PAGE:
In December 2012, the ECB mandated a suffocating collateral penalty on Greek Government bonds, purportedly as retribution for non-compliance with the reform program. The “57% penalty” necessitated a Greece-specific provision, even though the regulations allow an EU country with a below investment-grade rating to have a collateral rate of 13%, or even 5%. The repercussions are felt throughout the economy. Bank liquidity suffers, restricting access to, and increasing the cost of capital for SMEs. In addition, Greek corporations competing internationally borrow from the markets at 3.5-4.5 percentage points higher than those of their international competitors.

Central to the assessments of sovereign credit risk by rating agencies is a country’s debt, which is usually calculated on a non-economic, legal basis, ignoring the effects of debt restructuring on the fair value of debt and on financial assets. Debt is much lower when measured accurately using internationally-accepted accounting standards.

Large Greek corporations (including banks) have adopted the International Financial Reporting Standards (IFRS) and are familiar with true and fair accounting. The adoption of IFRS was imposed by investor requirements for internationally-comparable financial reporting and modern management techniques. IFRS for the public sector are called International Public Sector Accounting Standards (IPSAS). Over 40 countries have adopted IPSAS, and many others are in the process of doing so. European experts recommend IPSAS for better decision-making, more transparency, and stronger accountability. Until this happens, the EU will continue to measure sovereign debt in non-economic and legal terms, ignoring the time value of money. Eurostat’s figure for Greece’s debt-to-GDP is based on legal definitions not designed to provide a true and fair view of debt that is comparable internationally. The many concessions Greece obtained when restructuring its debt are totally ignored in the calculations. This is out of line with the practice in the business world.

Using internationally-accepted accounting standards, Greece’s net debt-to-GDP is one-third of that of its peers. This is the true and fair debt level and can be accurately displayed using IPSAS. Based on the experience of other adopters, IPSAS may take up to 2.5 years to be implemented fully, but is often adopted in phases with debt and financial assets completed in 6 months or less.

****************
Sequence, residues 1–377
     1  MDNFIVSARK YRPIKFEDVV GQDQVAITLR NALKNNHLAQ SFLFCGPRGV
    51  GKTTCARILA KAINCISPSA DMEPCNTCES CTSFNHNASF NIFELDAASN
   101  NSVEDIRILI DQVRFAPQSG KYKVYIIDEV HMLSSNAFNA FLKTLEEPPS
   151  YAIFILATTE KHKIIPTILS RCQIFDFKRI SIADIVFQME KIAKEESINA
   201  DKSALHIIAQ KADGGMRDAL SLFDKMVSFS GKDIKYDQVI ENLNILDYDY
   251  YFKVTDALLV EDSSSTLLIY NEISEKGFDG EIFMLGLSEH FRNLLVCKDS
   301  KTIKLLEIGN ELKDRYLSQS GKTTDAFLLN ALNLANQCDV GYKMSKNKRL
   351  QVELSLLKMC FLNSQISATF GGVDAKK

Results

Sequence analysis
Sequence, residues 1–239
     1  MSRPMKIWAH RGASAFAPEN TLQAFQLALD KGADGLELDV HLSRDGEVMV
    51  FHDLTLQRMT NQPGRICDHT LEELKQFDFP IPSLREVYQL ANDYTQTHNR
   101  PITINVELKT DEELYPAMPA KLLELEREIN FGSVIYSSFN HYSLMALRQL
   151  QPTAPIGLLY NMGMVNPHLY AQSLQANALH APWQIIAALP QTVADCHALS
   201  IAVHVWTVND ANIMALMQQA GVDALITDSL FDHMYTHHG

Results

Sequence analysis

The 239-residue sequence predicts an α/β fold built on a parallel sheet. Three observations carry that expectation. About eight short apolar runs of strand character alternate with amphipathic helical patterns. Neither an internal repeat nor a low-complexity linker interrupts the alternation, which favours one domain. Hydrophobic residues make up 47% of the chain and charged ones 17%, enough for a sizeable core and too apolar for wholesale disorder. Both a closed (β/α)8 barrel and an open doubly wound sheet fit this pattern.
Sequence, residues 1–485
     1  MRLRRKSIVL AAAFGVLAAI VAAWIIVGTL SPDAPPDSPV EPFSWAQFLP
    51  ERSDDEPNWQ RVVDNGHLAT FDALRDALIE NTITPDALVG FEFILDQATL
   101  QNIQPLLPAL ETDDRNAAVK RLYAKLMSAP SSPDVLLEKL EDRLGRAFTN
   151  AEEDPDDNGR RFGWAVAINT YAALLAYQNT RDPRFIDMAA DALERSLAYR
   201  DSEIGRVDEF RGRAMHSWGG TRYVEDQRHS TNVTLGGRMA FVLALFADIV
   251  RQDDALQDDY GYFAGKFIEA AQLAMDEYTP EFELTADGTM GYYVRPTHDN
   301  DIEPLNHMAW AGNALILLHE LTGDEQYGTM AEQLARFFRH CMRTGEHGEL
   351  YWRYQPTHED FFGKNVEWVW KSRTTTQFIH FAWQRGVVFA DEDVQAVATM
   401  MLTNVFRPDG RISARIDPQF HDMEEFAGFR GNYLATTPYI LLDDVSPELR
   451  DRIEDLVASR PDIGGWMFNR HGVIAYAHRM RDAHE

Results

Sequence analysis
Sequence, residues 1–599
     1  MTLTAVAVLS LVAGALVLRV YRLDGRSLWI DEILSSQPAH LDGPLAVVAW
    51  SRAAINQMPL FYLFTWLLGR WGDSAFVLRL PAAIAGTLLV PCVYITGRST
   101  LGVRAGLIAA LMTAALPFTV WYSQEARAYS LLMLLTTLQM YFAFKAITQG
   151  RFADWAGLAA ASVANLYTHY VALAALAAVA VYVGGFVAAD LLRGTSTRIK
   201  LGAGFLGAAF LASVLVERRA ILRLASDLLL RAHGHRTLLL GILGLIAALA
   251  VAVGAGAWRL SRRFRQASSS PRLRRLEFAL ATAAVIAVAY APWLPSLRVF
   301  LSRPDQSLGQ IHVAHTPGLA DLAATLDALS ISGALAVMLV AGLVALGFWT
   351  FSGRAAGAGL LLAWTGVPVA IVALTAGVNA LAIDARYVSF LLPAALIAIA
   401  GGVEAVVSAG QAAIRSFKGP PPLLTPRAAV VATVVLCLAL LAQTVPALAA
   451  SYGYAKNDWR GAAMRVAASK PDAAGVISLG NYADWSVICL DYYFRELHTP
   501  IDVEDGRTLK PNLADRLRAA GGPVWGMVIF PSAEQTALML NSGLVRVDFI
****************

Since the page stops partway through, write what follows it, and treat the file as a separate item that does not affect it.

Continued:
For Greece to compete in the capital markets it must have internationally-accepted accounting standards and financial reports. Greece has paid a hefty price to earn the right to compete fairly. The facts are clear and undeniable. Our net debt calculated under IPSAS is one-third of that of its peers. Our cash net interest expense is a fraction of that of the peers. And, our debt maturity profile is significantly better than peers. An ECB collateral rate between 5% and 13%, comparable to Greece’s peers, could double Greece’s desperately needed liquidity. The “57% penalty” should be removed now.

IPSAS from a Senior Executive Perspective—10 Questions and Answers

  1. Selecting an Accounting Framework Which accounting framework is recommended for a government that wants to join the World’s leaders in public sector accounting? There is only one set of international standards for the public sector: International Public Sector Accounting Standards (IPSAS). IPSAS provides the best in class tools to measure government financial performance and position, especially change in net debt and change in net worth. To be clear, IPSAS strengthens but does not replace statistics guidelines, such as SNA2008, GFS, and ESA2010.
  2. Benefits What are the main benefits of adopting IPSAS? From a macro perspective, using IPSAS can improve decision-making, increase transparency, strengthen accountability, and facilitate global comparability. Honestly implementing IPSAS in decision-making and reporting can have a positive impact on building trust and confidence both within a country and internationally. IPSAS will significantly jump start job creation.
  3. Senior Executive Role What is the role of PMs, FMs, central bank heads, and other senior government decision-makers in using IPSAS? Senior government officials should be the first adopters and champions. You can only effectively manage what you can accurately measure. Especially in a country in financial transition, no major fiscal decision should be made without the basic information on economic impact that IPSAS provides.
  4. Cost How expensive is IPSAS as a framework to assess the major financial impact decisions? To measure the impact on major financial decisions, the costs should be in the low six figures. The cost of full implementation will vary depending on specifics, but when managed professionally, the return will be a multiple of the investment.
  5. Implementation Time How much time would it take to prepare the IPSAS analysis to assess major financial impact decisions? To complete a reasonable analysis would on average take a few weeks to months. To state the obvious, the alternative is making these decisions without knowing the impact on the financial position of the country.
  6. Key Metrics How important is net debt and change in net debt as a measure of performance? Knowing net debt and the change in net debt should be a first order priority. For major financial decisions, the four key performance metrics are: change in net debt, change in net worth, impact on fiscal balance, and impact on cash flow.
  7. Public Education How important is educating the public on the key performance metrics? It is absolutely essential to educate the public on the key performance metrics, especially change in net debt and net worth. To be clear, the education starts at the senior most level of government.
  8. Major Obstacles What are obstacles to adopting IPSAS? The obstacles fall into three broad categories: closed-minded to IPSAS, deliberate efforts to prevent IPSAS to preserve the status quo, and poor executive management decision-making.
  9. Potential Shortfalls What are the shortfalls to be leery of in implementing IPSAS? It is important that IPSAS is used prior to making major financial decisions and not viewed as another administrative burden with endless IT costs.
  10. Audits How important are audits to IPSAS? Independent verification of financials is a best practice, which can range from independent third party verification of single decisions to a complete audit of financial reports.

For more information on IPSAS as it relates to Greece, see: